“True crime” documentaries usually stick to a formula — depict the crime, then show the investigation and if there was a solution, how the investigation came out.
But what if you’re not absolutely certain there was a crime? There is no physical evidence, no murder victim’s body, no dead-certain suspect and no motive?
Try making a film out of that. Better still, try building a case “Out of Thin Air.”
That’s just what is depicted in the British-produced documentary of that title, a tale of young people convicted of murders based on a single piece of the evidence puzzle — confessions.
No, this isn’t another movie about the “West Memphis Three.” It’s set in monocultural, ethnically pure and thinly-populated Iceland just a couple of years after it had the world’s attention by hosting the Fischer/Spassky chess match. And perhaps the one object lesson the story the film tells has for other Western democracies is, “if this could happen there, it could happen anywhere.”
In 1974, a young man doesn’t come home from a night of bar hopping and partying. It’s the dead of Icelandic winter, but search parties head out into the frozen lavascape that is this remote and forbidding island, searching in vain for some sign of him.
Did Guðmundur pass out and tumble into a crack in the Earth, fall into the sea? Or did something more sinister happen?
The police focused on where he went, who last saw him, as we’d expect. They can find nobody with a motive for the crime, even though there’s this one suspicious fellow with an Eastern European name, Sævar Marinó Ciesielski, who gets their attention.
Nothing comes of that.
Six months later, winter’s back, and an older man, a father, Geirfinnur, disappears even more mysteriously. Vast search parties, more poking around in snow and lava fields, on beaches — nothing. But they remember this foreign guy, and people who partied with him. They’re especially interested in Erla Bolladóttir, his Icelandic girlfriend, pregnant with his child.
Months of investigating, endless interrogations of those two, and others who knew them, the revelation that Erla and Sævar had been defrauding the phone company out of large sums of cash, and the cops are sure they have their quarries. Because outside of the investigation, the case is being tried in the equally insular world of Icelandic media. Leaks, revelations, the whole island — where everybody is related — is sure this “gang” did it.
Exhaustive investigations are replaced with exhaustive trials. Still no bodies, evidence of crimes, murder weapons or motives. But if you hold the floor in court long enough…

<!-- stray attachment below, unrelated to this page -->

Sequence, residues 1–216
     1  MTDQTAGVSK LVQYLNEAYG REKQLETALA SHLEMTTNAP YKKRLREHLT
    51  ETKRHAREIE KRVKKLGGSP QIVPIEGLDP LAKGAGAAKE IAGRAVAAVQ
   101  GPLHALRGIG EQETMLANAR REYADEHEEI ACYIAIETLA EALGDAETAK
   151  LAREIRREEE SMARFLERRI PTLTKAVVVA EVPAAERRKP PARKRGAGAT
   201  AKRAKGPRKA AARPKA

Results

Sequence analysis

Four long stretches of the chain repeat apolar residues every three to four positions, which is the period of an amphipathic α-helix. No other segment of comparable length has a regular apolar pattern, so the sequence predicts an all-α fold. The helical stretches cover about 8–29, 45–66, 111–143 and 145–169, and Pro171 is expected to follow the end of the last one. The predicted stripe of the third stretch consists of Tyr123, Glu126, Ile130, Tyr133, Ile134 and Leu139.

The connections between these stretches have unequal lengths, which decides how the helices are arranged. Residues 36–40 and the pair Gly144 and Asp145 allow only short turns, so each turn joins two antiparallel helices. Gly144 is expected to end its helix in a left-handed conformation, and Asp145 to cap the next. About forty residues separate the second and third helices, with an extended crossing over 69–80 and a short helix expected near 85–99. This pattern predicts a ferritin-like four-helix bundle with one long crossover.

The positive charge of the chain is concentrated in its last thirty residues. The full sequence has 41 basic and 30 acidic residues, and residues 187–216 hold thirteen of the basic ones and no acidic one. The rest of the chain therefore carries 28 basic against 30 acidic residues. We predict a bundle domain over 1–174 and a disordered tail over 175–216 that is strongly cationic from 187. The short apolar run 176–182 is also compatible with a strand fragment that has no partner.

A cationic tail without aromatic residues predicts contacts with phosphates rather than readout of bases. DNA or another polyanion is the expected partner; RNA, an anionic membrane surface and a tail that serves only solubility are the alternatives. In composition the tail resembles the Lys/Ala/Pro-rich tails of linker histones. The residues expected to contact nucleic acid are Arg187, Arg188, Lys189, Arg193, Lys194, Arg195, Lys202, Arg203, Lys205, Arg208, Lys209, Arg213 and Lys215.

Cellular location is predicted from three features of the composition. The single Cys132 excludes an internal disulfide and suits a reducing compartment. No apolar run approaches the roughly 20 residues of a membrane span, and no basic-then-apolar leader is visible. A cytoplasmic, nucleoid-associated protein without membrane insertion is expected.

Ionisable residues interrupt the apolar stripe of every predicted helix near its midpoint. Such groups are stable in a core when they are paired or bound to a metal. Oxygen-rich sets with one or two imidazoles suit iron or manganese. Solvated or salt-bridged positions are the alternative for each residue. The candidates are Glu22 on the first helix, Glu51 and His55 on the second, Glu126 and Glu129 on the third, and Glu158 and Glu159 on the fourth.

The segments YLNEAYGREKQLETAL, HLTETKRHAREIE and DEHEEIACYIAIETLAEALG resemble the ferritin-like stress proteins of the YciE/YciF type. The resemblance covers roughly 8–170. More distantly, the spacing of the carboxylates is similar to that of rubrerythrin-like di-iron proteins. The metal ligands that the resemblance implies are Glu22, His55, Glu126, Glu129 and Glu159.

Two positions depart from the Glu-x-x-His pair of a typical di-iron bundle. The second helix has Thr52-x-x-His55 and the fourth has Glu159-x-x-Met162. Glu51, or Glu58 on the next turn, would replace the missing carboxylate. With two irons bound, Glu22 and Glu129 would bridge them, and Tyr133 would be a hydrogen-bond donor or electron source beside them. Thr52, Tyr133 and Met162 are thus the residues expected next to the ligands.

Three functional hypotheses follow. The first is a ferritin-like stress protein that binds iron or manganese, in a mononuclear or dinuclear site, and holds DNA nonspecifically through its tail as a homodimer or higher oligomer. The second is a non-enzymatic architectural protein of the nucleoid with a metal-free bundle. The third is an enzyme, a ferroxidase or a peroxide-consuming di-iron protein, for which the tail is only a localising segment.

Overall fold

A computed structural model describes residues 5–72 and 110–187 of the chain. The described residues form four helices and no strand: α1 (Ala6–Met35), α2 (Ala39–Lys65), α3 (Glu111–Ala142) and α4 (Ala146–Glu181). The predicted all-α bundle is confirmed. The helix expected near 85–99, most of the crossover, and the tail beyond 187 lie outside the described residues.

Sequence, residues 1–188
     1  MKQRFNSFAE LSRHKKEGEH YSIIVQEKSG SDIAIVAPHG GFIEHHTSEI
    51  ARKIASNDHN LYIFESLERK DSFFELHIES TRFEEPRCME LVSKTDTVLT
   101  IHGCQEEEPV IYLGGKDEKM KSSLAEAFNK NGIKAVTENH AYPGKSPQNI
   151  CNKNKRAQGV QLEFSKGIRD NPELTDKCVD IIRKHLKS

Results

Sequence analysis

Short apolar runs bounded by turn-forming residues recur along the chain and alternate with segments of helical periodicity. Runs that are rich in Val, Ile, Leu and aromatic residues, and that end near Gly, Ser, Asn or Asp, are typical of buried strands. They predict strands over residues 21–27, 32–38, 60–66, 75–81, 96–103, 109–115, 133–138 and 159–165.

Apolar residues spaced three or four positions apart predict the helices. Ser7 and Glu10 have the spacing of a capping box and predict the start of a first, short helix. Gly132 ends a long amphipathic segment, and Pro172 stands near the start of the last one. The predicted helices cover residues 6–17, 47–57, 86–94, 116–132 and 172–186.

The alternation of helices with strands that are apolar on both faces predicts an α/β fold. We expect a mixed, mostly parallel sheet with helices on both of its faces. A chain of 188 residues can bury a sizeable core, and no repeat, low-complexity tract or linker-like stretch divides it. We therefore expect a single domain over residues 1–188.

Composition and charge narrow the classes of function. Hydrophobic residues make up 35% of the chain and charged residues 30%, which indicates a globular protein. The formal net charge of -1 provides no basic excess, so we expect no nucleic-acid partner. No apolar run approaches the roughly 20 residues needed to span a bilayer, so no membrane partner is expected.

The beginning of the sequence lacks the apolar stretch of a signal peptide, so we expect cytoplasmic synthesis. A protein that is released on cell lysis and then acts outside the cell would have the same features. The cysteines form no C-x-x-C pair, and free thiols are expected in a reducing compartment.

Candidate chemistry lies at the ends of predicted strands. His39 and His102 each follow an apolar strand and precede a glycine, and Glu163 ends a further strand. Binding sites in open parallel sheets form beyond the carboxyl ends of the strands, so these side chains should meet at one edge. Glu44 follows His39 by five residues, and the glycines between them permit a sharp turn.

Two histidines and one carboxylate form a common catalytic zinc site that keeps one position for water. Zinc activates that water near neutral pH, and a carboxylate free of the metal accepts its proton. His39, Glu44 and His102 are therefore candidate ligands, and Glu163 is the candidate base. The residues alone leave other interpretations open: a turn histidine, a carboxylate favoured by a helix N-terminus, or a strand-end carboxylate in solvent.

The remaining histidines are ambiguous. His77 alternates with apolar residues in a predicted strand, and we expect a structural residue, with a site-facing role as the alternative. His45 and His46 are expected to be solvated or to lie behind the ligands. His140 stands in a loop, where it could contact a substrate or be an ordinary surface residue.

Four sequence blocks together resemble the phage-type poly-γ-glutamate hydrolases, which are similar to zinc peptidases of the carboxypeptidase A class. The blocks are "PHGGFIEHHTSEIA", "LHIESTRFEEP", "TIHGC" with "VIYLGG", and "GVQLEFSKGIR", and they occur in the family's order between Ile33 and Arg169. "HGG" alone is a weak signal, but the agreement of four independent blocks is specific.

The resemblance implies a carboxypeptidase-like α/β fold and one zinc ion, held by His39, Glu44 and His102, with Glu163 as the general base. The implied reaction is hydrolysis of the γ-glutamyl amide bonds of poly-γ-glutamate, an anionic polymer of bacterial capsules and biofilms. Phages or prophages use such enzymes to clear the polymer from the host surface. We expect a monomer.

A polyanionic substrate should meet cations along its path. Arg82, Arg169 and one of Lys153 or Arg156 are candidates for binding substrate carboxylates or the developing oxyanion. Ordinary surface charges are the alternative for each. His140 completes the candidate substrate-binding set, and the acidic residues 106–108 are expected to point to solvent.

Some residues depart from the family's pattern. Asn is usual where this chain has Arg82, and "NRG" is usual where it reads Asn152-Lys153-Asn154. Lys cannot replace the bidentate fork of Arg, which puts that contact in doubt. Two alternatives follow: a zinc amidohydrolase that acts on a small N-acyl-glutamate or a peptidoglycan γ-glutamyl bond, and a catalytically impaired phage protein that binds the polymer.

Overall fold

Now, forty years later, people are finally having their doubts.
Dylan Howitt’s film recreates the “crimes,” or recreates the police recreations of the crimes. He interviews cops, journalists, a memory expert and those who knew the missing men as well as the survivors among the six people accused and convicted of their murder.
“Out of Thin Air” is on its most solid ground pounding home the notion that “memory,” as Erla says, “is such a” fragile, strange thing. It can be manipulated, tricked and twisted by those determined to do it.
Interrogate somebody 180 times, for hundreds of hours, park them in solitary confinement for days and weeks on end to “concentrate” and try to remember details you’re suggesting to them, they just might confess to whatever you put in front of them.
“Out of Thin Air” cannot quite summon up the gossipy atmosphere — alleging governmental involvement, conspiracy and cover-up — the “public hysteria” for a resolution to these cases in what is “kind of a hobbit society.”
Frustratingly, Howitt makes little attempt to recreate the lives of the victims or re-investigate the disappearances. The movie feels incomplete, as indeed the police case still does.
Instead, he focuses on the jaw-dropping case coerced and constructed out of arrests, releases, re-arrests and years of interrogations and incarceration, turning lover against lover, using this coerced conviction to keep people in jail while that coerced conviction is trumped up and added to it.
It sounds like justice in China, not a Western European democracy. And it literally could happen anywhere in which blind justice is worse than blind, and a compliant public believes what they’re told to believe instead of what common sense is putting right in front of their face.
Sometimes, that coup de grace in any case, the fixture of many a police procedural and boilerplate courtroom drama, the “confession,” is the most worthless evidence of all.
MPAA Rating: unrated, descriptions of murder, drug abuse
Credits:Directed by Dylan Howitt. A Netflix release.
Running time: 1:24